Sun Microsystems / 1 Network Drive 71.234W Vox +1 781 442 2084
    MS UBUR02-212 / Burlington MA 01803-2757 42.497N Fax +1 781 442 1677

  4. Re: resetting pppd-connection data

    James Carlson wrote:
    > Clifford Kite writes:
    >> Edgar Giese wrote:
    >>
    >> > i' ve a problem with the connection data from pppd. I want to get
    >> > some value about time and transfered data. My log looks like this:

    >>
    >> The totals are cumulative between instances of pppd and, as far as
    >> I know, there is no pppd option to get around it for PPP connections
    >> made in pppd demand mode.


    > Indeed. They come from the kernel itself.


    >> (It must be demand since otherwise there
    >> would be no problem, even pppd got the same pid for 2 consecutive days
    >> and part of the third - you probably terminated pppd manually on the
    >> third day and then restarted it.)


    Why in the world did I put my thoughts down in such a broken fashion?
    What I meant was that it seemed clear that demand was used since pppd
    had the same pid for the first two days, and the count rose throughout
    each of those days but dropped when the day changed, behavior which
    implied you shutdown one day and rebooted the next.

    On the 3rd day pppd again began with the same pid but you must have
    terminated pppd manually and restarted it since during that day the
    pid changed to a larger number and the count dropped when it did.

    > If that's the problem, then it's something that could (and should) be
    > fixed in pppd. pppd should take a tare of these statistics, since it
    > knows exactly what the kernel is doing.


    Hmmm.. This is the first time I've seen or heard the word "tare."
    It must be one of those words that is applied in contexts not easily
    deduced from the (Merriam-Webster on-line) dictionary definitions.
    However, hopefully, it seems fairly obvious what it means here.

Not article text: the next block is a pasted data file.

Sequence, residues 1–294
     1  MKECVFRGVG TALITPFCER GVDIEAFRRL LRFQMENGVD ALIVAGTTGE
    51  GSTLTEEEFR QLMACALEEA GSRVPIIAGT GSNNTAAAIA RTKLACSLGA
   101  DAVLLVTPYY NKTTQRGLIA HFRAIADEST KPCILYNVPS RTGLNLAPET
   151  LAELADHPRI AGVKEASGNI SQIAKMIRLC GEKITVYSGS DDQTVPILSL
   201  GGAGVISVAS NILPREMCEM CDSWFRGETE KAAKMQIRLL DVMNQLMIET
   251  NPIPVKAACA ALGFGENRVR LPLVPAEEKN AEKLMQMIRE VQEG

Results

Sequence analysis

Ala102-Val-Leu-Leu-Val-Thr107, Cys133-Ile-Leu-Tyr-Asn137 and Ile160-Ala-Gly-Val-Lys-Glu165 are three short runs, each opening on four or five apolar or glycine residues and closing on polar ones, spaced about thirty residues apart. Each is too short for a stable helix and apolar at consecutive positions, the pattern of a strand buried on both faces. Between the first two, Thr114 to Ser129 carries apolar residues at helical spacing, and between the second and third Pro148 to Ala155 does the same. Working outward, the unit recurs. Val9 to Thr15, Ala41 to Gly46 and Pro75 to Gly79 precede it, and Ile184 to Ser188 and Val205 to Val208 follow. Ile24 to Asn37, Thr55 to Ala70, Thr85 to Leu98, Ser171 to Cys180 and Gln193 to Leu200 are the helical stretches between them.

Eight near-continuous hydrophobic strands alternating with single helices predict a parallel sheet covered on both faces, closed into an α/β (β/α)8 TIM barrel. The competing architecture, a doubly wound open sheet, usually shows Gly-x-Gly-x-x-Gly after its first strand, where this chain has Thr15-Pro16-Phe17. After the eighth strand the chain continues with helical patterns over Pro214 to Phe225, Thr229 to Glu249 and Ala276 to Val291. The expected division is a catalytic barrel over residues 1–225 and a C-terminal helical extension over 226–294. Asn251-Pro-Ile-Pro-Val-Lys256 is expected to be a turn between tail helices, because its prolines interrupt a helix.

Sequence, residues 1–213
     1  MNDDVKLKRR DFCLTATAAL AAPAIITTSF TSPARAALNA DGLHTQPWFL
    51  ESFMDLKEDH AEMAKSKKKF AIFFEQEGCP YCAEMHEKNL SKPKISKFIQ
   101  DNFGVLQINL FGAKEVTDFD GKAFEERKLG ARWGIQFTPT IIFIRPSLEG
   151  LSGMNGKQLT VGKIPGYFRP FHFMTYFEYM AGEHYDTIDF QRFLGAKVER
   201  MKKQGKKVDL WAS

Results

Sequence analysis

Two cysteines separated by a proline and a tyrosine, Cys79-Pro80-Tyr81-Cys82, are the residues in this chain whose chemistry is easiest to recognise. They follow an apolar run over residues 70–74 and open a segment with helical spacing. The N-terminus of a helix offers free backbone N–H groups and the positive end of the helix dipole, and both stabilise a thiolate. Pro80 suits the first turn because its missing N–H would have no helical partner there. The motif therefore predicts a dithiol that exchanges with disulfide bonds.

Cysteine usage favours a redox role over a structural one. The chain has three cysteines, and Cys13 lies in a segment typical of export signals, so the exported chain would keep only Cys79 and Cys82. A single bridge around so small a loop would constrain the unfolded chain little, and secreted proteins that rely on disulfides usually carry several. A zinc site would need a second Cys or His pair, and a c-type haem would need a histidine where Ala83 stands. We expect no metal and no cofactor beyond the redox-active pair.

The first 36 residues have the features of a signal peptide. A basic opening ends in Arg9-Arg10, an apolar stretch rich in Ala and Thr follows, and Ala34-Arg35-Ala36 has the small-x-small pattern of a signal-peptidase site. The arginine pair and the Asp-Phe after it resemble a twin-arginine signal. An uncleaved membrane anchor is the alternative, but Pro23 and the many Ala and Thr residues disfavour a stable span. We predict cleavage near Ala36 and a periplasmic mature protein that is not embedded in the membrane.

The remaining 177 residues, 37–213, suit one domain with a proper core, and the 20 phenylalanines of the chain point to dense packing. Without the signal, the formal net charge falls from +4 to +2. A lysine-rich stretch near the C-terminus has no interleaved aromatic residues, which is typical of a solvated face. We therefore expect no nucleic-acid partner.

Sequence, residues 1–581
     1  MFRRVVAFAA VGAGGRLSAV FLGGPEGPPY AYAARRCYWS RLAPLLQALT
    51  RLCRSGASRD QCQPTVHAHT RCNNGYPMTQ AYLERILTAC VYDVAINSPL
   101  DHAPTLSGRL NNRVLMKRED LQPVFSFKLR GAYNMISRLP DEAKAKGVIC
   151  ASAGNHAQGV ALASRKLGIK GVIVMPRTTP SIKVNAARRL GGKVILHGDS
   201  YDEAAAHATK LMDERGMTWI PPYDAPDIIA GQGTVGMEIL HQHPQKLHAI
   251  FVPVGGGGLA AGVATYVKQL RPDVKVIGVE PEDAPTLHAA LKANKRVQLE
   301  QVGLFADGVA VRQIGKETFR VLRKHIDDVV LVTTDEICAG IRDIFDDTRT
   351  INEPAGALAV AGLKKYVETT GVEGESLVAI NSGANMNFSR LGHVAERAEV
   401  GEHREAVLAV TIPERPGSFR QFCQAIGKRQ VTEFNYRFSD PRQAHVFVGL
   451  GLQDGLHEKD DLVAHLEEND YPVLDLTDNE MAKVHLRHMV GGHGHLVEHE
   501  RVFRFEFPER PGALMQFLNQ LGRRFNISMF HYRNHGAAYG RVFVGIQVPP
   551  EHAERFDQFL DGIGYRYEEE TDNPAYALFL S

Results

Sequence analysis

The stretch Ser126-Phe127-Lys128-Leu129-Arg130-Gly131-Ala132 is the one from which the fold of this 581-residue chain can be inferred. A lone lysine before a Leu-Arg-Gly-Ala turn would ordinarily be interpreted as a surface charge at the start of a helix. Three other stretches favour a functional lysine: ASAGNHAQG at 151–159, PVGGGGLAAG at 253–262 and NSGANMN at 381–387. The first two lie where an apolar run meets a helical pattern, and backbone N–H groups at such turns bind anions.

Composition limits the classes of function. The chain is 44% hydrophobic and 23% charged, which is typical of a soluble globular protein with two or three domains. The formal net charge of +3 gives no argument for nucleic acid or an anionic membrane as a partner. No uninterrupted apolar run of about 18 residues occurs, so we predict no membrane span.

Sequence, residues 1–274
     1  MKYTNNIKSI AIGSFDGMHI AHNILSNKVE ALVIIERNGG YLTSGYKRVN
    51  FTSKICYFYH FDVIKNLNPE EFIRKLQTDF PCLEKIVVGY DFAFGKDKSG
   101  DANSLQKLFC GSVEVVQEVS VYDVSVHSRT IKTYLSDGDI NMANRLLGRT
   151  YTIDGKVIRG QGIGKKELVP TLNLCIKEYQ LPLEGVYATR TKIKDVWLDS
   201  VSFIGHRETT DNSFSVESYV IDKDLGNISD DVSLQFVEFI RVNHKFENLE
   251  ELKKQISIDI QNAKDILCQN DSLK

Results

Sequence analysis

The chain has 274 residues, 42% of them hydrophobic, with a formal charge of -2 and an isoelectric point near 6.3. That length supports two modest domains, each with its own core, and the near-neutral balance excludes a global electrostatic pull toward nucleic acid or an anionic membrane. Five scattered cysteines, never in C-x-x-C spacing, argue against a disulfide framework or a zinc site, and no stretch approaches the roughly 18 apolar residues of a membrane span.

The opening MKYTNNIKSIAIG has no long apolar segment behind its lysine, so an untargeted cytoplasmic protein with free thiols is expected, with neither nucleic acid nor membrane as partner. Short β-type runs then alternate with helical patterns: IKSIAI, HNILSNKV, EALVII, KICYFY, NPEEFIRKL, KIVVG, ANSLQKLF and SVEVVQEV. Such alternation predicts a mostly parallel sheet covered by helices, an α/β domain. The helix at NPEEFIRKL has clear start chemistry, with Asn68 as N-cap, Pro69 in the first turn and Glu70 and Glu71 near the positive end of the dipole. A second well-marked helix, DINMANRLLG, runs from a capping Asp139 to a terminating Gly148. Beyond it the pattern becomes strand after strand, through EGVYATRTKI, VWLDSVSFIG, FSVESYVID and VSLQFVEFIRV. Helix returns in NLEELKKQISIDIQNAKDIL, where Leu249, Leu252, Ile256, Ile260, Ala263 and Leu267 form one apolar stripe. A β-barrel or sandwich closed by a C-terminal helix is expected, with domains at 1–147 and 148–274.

-- Clifford Kite Email: "echo xvgr_yvahk-ccc@ri1.arg|rot13"
    PPP-Q&A links, downloads: http://ckite.no-ip.net/
    /* "PPPoE has many advantages for DSL service providers, and
    practically none for DSL consumers."
    - David F. Skoll */

  5. Re: resetting pppd-connection data



    Clifford Kite schrieb:
    > Edgar Giese wrote:
    >
    >
    >>i' ve a problem with the connection data from pppd. I want to get
    >>some value about time and transfered data. My log looks like this:

    >
    >
    > The totals are cumulative between instances of pppd and, as far as
    > I know, there is no pppd option to get around it for PPP connections
    > made in pppd demand mode. (It must be demand since otherwise there
    > would be no problem, even pppd got the same pid for 2 consecutive days
    > and part of the third - you probably terminated pppd manually on the
    > third day and then restarted it.)


    Right! I should told you. :-(

    But, why the connection-time is reseted and not the transferred
    data. I found some perlscript that build some statistiks but it
    failed because of this "bug".

    I want dial on demand, because its easier for the users and
    windows-clients to dial into internet. It' s the firewall and i
    don't want any accounts for the users on it.

    Edgar


  6. Re: resetting pppd-connection data



    James Carlson schrieb:
    > Clifford Kite writes:
    >
    >>Edgar Giese wrote:
    >>
    >>
    >>>i' ve a problem with the connection data from pppd. I want to get
    >>>some value about time and transfered data. My log looks like this:

    >>
    >>The totals are cumulative between instances of pppd and, as far as
    >>I know, there is no pppd option to get around it for PPP connections
    >>made in pppd demand mode.

    >
    >
    > Indeed. They come from the kernel itself.
    >
    >
    >> (It must be demand since otherwise there
    >>would be no problem, even pppd got the same pid for 2 consecutive days
    >>and part of the third - you probably terminated pppd manually on the
    >>third day and then restarted it.)

    >
    >
    > If that's the problem, then it's something that could (and should) be
    > fixed in pppd. pppd should take a tare of these statistics, since it
    > knows exactly what the kernel is doing.